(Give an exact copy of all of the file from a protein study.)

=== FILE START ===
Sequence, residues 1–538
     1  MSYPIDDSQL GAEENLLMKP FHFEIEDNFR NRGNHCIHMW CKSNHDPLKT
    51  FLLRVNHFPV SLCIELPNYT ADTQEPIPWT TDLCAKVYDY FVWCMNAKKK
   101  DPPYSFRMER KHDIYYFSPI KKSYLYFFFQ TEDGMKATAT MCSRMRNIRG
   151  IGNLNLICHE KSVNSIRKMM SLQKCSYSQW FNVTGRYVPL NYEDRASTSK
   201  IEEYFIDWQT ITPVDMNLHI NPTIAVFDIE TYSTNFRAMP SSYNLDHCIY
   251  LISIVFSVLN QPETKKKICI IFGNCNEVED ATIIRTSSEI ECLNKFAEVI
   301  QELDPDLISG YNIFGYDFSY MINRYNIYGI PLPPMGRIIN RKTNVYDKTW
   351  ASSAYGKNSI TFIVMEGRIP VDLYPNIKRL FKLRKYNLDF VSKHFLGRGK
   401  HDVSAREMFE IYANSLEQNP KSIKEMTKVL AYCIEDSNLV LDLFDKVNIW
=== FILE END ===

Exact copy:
Sequence, residues 1–538
     1  MSYPIDDSQL GAEENLLMKP FHFEIEDNFR NRGNHCIHMW CKSNHDPLKT
    51  FLLRVNHFPV SLCIELPNYT ADTQEPIPWT TDLCAKVYDY FVWCMNAKKK
   101  DPPYSFRMER KHDIYYFSPI KKSYLYFFFQ TEDGMKATAT MCSRMRNIRG
   151  IGNLNLICHE KSVNSIRKMM SLQKCSYSQW FNVTGRYVPL NYEDRASTSK
   201  IEEYFIDWQT ITPVDMNLHI NPTIAVFDIE TYSTNFRAMP SSYNLDHCIY
   251  LISIVFSVLN QPETKKKICI IFGNCNEVED ATIIRTSSEI ECLNKFAEVI
   301  QELDPDLISG YNIFGYDFSY MINRYNIYGI PLPPMGRIIN RKTNVYDKTW
   351  ASSAYGKNSI TFIVMEGRIP VDLYPNIKRL FKLRKYNLDF VSKHFLGRGK
   401  HDVSAREMFE IYANSLEQNP KSIKEMTKVL AYCIEDSNLV LDLFDKVNIW